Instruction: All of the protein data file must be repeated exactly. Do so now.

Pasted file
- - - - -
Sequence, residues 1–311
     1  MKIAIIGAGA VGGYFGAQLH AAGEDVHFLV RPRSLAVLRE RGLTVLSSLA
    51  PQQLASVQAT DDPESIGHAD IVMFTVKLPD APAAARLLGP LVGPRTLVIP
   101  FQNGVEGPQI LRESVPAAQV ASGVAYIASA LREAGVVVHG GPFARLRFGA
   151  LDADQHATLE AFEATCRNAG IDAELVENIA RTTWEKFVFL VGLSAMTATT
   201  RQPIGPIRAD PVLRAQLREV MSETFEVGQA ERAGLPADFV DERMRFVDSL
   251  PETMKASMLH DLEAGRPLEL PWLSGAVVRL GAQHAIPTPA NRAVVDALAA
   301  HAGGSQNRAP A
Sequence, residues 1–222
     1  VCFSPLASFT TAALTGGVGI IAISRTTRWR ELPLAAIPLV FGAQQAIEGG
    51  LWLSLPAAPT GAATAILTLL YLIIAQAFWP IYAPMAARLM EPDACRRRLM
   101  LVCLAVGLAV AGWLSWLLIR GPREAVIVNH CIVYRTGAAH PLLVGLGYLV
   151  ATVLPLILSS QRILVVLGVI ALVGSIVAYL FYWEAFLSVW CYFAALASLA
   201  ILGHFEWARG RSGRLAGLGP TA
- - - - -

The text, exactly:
Sequence, residues 1–311
     1  MKIAIIGAGA VGGYFGAQLH AAGEDVHFLV RPRSLAVLRE RGLTVLSSLA
    51  PQQLASVQAT DDPESIGHAD IVMFTVKLPD APAAARLLGP LVGPRTLVIP
   101  FQNGVEGPQI LRESVPAAQV ASGVAYIASA LREAGVVVHG GPFARLRFGA
   151  LDADQHATLE AFEATCRNAG IDAELVENIA RTTWEKFVFL VGLSAMTATT
   201  RQPIGPIRAD PVLRAQLREV MSETFEVGQA ERAGLPADFV DERMRFVDSL
   251  PETMKASMLH DLEAGRPLEL PWLSGAVVRL GAQHAIPTPA NRAVVDALAA
   301  HAGGSQNRAP A
Sequence, residues 1–222
     1  VCFSPLASFT TAALTGGVGI IAISRTTRWR ELPLAAIPLV FGAQQAIEGG
    51  LWLSLPAAPT GAATAILTLL YLIIAQAFWP IYAPMAARLM EPDACRRRLM
   101  LVCLAVGLAV AGWLSWLLIR GPREAVIVNH CIVYRTGAAH PLLVGLGYLV
   151  ATVLPLILSS QRILVVLGVI ALVGSIVAYL FYWEAFLSVW CYFAALASLA
   201  ILGHFEWARG RSGRLAGLGP TA